[Discovery of liquid
Between 1850 and 1888, people from
different fields like chemistry, biology observed strange behavior
in some materials when the temperature is approaching the melting
point. W. Heintz, a German biochemist, reported in 1850 that stearin
melted from a solid to a cloudy liquid at 52＜C, changed at 58＜C to
an opaque and at 62.5＜C to a clear liquid. Others reported observing
blue colors when compounds synthesized from cholesterol were cooled.
Biologists observed anisotropic optical behavior in "liquid"
biological materials, a behavior usually expected only in the
In 1888, Friedrich Reinitzer, an
Austrian botanist observed that there was two melting points for a
certain material while he was making esters of cholesterol for
studying cholesterol in plant. This material is now known as
cholesteryl benzoate. He also observed birefringence and iridescent
colors between these two melting points.
However, Reinitzer did not know what
shall be done about this
discovery; therefore he consulted with van
crystallographer in Prague. van Zepharovich suggested that Reinitzer
contact Otto Lehmann, a physicist in Karlsruhe, Germany, for further
discussion, because Lehmann is the first to use hot stage on a
polarized optical microscope, which later became the standard
equipment for liquid crystal research. Following Zepharovich’s
advice, Reinitzer then contacted Lehmann concerning the
two-melting-points phenomenon. Their discussion by mails finally
lead to the first real investigation of liquid crystals, eventually
to fundamental understandings of the nature of this new phase of
matter. Lehmann and Reinitzer may thus with some justification be
called the grandfathers of liquid crystal science.
After the discovery, the liquid crystal research flourished.
In 1922, Georges Friedel suggested a classification scheme
to name different phases of liquid crystals called nematic,
smectic and cholesteric, which are still used today.
Carl Oseen in Sweden worked on elastic properties of liquid
crystals and his results were used on the continuum theory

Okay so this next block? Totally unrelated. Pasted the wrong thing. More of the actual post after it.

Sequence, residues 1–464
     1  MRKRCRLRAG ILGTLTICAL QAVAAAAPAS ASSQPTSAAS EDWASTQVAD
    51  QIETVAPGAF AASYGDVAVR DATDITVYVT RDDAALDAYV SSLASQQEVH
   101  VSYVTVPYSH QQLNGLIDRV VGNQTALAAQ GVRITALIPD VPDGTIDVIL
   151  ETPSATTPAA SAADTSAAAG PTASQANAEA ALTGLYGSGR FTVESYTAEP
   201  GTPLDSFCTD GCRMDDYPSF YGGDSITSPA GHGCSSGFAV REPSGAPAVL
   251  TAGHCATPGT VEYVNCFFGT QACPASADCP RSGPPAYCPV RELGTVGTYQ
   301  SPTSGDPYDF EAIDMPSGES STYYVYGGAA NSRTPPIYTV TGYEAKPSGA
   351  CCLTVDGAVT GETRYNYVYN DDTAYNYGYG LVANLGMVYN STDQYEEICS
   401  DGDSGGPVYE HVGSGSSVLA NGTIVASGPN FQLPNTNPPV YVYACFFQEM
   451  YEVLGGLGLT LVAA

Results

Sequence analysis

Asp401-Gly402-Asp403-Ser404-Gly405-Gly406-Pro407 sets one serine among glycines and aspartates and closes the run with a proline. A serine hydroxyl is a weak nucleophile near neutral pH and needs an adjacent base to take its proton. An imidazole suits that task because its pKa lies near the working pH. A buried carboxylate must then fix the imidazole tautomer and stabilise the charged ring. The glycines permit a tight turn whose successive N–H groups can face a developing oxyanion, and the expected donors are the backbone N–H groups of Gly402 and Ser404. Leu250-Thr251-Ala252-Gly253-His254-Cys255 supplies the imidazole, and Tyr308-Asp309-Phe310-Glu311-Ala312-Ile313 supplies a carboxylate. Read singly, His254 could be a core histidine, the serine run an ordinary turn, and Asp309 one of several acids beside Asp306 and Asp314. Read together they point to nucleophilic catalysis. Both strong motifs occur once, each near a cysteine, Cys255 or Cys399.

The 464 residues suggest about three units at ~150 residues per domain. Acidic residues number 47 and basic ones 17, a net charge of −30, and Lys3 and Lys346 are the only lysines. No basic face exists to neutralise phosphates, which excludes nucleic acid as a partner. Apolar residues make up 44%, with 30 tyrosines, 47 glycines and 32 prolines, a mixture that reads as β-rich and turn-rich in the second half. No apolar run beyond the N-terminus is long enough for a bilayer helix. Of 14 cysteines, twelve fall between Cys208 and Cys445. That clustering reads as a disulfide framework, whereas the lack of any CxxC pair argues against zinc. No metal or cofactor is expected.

by England's F.C. Frank. This theory became one of the
fundamental theories in liquid crystals today.
in the 1930¨s. The transition from a homogeneous to a
deformed structure at some critical value of applied field
strength is named Freedericksz transition due to his pioneering work in this
Alfred Saupe, a German physicist, later working at Kent
State University, worked together with his advisor Wilhelm
Maier in Karlsruhe 1958 on his thesis ("Diplomarbeit"), a
molecular theory of liquid crystals not involving permanent
dipoles as Max Born's theory did. This work gave rise to the
Maier-Saupe Theory, another well-known basic theory of
From 1945 to 1958, everything seemed
slow down in the liquid crystal field. People thought they knew
everything about liquid crystals and that nothing new could be
expected in this area. Even worse, they were not even included in
textbooks. An entire decade of growing scientists did not have
contact with liquid crystals. No one could yet imagine how large a
role liquid crystals would play in technical applications today.
1958 Glenn Brown, an American chemist, published an
article in Chemical Reviews on the liquid crystal
phase and subsequently sparked an international resurgence
in liquid crystal research.
de Gennes, the laureate of Nobel Prize in Physics 1991,
becomes the first and so far the only person receiving
this prize in the
field of liquid crystals. He was awarded
discovering that methods
developed for studying order phenomena in simple systems
can be generalized to more complex forms of matter, in
particular to liquid crystals and polymers".
Chandrasekhar, "Liquid Crystals", Cambridge University Press
P. G. de Gennes and
J. Prost, "The
Physics of Liquid Crystals", Oxford University Press (1995).
J. A. Castellano,
"Liquid Gold: The Story Of Liquid Crystal Displays and the Creation
of an Industry",
World Scientific Publishing (2005)